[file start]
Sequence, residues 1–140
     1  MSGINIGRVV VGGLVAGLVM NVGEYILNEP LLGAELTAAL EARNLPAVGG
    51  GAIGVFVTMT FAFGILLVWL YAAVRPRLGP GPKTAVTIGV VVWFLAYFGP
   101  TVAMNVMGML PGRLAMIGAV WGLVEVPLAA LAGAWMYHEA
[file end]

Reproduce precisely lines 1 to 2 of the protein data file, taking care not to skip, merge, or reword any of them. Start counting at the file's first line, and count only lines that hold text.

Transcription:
Sequence, residues 1–140
     1  MSGINIGRVV VGGLVAGLVM NVGEYILNEP LLGAELTAAL EARNLPAVGG